Efficiently heating large spaces with high ceilings can be particularly challenging. Capitol Toyota’s service area is heated using an infrared heating system. “It’s called a CORAYVAC,” said Mildren. For a place like a service bay, which of course has a high ceiling to accommodate the use of vehicle lifts, heating the upper level of air near the roof is a waste of energy. “What’s unusual about this system is that it heats the objects in the space as opposed to heating the volume of air.” Infrared heat warms people and objects the way the sun heats the earth. “It doesn’t heat the actual air. It’s a very, very efficient type of system as far as heating these types of spaces.”

To help keep the heat in, the service department sports high-speed doors at its entrance and exit. “One of the real issues with an auto dealership is that conventional doors go up fairly slowly … It might take 10 seconds, 12 seconds in order for the door to go up when someone pulls in,” said Mildren. “These doors will go up ten feet in one second, so there’s less heat lost within the building.”

In the showroom, which is an open two-story area, it’s a waste of energy to heat the upper level of air, so they heat the showroom from the floor. “We want to provide the heat where the people are,” said Mildren. They installed a radiant heat system, which circulates hot water through the entire slab foundation. The water is heated by a gas system, which he said was the most efficient form of heating in their area. They also have low-flow plumbing fixtures installed throughout the building to cut down on the amount of water used for things like flushing toilets.

Another measure taken to minimize the dealership’s energy use is a programmable lighting system that uses motion sensors. “How many times do you walk past a room and there’s nobody in there, but the lights are on?” Mildren asked. If no movement occurs in a room for 30 minutes, the system turns off the lights. This is very useful for places like restrooms, storage rooms, parts areas and conference rooms that are not always occupied and in use, he said. He added that the dealership is also using T5 high-output fluorescent lighting, which he described as being “the latest technology in lighting” and carrying a low energy cost. “We’ve also introduced skylights into our service bays … [which] bring in quite a bit of light,” he noted.

Scott Casebeer"The clean-up that we've done - replaced the fence all along the parkway, put in landscaping, [added] beautiful lights - has now [made it] kind of the entry into Salem on the Salem Parkway. It is a showplace; it is absolutely beautiful."

- Scott Casebeer, Dealer, Capitol Toyota

In addition to the measures taken during construction to make the dealership more energy-efficient and environmentally friendly, there are also a number of practices that have been integrated into the store’s day-to-day operations that help with conservation and waste reduction.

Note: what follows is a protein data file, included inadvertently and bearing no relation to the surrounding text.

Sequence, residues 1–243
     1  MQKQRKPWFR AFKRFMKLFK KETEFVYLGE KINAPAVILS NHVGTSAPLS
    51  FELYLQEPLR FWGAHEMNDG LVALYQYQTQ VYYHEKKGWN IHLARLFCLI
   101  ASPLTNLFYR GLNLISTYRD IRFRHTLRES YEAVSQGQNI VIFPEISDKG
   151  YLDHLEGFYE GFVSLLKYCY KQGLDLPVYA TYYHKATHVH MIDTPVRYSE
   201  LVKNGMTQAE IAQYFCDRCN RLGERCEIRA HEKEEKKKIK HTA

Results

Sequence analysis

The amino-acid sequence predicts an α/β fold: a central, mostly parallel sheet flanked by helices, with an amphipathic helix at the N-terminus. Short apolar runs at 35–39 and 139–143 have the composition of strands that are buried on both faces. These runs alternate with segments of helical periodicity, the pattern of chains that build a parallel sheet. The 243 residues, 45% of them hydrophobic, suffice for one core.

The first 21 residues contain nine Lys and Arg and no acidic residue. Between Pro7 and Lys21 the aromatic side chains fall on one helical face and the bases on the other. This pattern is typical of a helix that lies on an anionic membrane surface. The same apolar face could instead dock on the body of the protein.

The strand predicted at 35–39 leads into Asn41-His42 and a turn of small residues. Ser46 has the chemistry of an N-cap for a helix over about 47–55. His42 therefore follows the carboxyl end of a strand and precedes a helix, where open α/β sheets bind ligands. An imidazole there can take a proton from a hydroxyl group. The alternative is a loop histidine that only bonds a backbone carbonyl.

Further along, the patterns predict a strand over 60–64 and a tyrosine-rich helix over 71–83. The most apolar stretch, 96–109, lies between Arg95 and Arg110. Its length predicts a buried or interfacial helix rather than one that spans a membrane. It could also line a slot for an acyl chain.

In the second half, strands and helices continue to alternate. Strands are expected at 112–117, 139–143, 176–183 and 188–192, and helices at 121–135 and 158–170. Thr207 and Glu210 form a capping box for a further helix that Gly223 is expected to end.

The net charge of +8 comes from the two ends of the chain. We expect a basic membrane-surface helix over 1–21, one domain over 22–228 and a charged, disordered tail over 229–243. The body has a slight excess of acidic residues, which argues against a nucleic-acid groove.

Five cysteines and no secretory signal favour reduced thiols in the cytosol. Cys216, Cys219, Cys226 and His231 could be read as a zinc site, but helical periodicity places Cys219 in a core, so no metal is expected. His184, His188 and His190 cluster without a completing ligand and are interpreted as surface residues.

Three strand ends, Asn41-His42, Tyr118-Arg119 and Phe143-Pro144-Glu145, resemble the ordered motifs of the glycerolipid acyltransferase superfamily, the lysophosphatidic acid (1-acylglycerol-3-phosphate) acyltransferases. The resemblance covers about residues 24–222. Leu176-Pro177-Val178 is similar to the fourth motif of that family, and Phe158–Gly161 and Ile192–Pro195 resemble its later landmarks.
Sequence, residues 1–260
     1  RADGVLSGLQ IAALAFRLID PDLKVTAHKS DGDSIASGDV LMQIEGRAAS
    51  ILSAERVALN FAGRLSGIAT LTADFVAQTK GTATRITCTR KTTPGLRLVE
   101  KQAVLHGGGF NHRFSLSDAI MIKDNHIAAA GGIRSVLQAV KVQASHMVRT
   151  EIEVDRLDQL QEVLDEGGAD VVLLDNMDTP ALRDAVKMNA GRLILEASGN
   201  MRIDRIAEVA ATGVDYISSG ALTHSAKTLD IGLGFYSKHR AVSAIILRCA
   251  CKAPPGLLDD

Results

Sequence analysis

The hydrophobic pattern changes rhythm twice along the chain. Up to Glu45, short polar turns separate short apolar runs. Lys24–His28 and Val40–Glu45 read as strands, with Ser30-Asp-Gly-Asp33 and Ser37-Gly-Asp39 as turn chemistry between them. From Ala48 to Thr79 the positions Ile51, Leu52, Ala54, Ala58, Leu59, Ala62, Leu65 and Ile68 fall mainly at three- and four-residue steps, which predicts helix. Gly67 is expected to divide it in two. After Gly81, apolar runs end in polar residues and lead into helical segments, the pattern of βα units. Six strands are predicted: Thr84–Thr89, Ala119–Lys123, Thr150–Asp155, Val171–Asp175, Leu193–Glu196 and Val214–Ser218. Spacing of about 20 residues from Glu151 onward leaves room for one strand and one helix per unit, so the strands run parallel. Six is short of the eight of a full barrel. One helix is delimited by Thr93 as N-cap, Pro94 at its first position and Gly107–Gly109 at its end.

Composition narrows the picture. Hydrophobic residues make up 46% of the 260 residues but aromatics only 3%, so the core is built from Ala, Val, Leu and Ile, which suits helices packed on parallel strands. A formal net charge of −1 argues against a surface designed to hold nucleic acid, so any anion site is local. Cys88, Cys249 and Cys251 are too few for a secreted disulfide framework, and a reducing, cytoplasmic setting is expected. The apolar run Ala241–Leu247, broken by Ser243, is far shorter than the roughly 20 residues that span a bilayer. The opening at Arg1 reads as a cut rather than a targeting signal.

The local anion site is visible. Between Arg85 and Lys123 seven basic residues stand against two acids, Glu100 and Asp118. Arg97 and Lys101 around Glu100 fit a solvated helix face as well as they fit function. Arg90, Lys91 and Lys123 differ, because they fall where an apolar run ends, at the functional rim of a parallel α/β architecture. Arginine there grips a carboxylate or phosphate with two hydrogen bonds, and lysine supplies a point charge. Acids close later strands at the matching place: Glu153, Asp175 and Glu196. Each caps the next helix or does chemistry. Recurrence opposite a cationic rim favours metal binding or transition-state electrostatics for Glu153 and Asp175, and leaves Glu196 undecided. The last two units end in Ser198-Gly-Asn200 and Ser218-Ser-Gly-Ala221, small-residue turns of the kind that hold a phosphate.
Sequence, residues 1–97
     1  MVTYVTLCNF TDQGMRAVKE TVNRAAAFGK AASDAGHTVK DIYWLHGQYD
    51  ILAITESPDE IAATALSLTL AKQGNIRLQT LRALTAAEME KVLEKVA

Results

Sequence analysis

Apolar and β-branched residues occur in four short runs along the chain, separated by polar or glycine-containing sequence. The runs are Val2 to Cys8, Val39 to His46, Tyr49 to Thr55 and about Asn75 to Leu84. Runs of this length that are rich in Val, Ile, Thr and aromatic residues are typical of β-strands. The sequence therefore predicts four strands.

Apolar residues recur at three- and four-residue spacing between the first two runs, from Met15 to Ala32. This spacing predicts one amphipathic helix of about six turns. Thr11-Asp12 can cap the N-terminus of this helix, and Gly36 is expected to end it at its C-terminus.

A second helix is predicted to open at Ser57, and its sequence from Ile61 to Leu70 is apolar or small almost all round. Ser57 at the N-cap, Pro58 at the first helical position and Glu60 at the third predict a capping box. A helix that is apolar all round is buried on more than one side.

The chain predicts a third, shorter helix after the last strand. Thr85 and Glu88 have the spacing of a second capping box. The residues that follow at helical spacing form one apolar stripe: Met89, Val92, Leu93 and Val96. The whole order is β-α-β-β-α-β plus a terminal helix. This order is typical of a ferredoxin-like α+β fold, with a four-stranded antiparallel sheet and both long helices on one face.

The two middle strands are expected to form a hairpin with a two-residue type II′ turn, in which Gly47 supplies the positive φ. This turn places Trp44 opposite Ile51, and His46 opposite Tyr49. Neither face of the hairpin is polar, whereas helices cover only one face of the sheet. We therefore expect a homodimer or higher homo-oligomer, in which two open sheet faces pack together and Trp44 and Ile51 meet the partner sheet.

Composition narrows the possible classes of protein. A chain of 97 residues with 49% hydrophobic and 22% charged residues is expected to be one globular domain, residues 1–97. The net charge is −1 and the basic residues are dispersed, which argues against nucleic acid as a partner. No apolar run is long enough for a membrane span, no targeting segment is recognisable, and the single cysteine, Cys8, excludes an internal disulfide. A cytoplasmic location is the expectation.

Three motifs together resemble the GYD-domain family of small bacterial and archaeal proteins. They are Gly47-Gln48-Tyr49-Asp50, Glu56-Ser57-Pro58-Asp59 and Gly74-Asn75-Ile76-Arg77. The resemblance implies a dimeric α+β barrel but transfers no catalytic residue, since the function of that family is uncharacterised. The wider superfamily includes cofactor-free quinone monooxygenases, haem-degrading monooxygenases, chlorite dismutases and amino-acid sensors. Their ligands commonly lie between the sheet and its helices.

Carrie Casebeer, the group’s director of marketing, listed a number of recycling measures implemented in the service department and body shop: “Oil is recycled and used for our technicians’ heaters. We separate and recycle all plastics, such as antifreeze and oil containers. We recycle all oil filters and Freon. [We] recycle cardboard and all … metals and body shop materials, as well as body shop chemicals.” She added, “We also do carbon filtration on all aerosol cans,” which significantly reduces harmful hydrocarbon emissions.

She said the day-to-day recycling measures are “not things that cost us any more. Mostly it’s just getting used to doing it.” She also said there has been no trouble with employee buy-in on the recycling policies, which she partly attributed to the general public mindset toward recycling. “We’ve had the ‘bottle bill’ forever in Oregon,” she said, referring to the state’s 1971 Beverage Container Act, which created the country’s first deposit/redemption system to encourage recycling and reduce litter. “It’s become something everybody wants to do. I can’t think of one person around here who doesn’t want to do the right thing as far as the environment … I think it’s just being able to provide the opportunity so they can,” she said.

“Some environmentally-friendly practices can be not-so-cost-efficient, and so you kind of have to weigh the positive effects versus … the bottom line,” she said. The dealership opted out of doing some of the higher-cost green upgrades to the new facility, like adding solar panels to the roof and other requirements to become LEED [Leadership in Energy and Environmental Design] certified. Some environmental building measures are so expensive to undertake that they often require government grants and don’t make much sense from the financial standpoint of the business owner. “We’re [doing] what a small business can do and still be cost-efficient.”

Vol. 9, Issue 2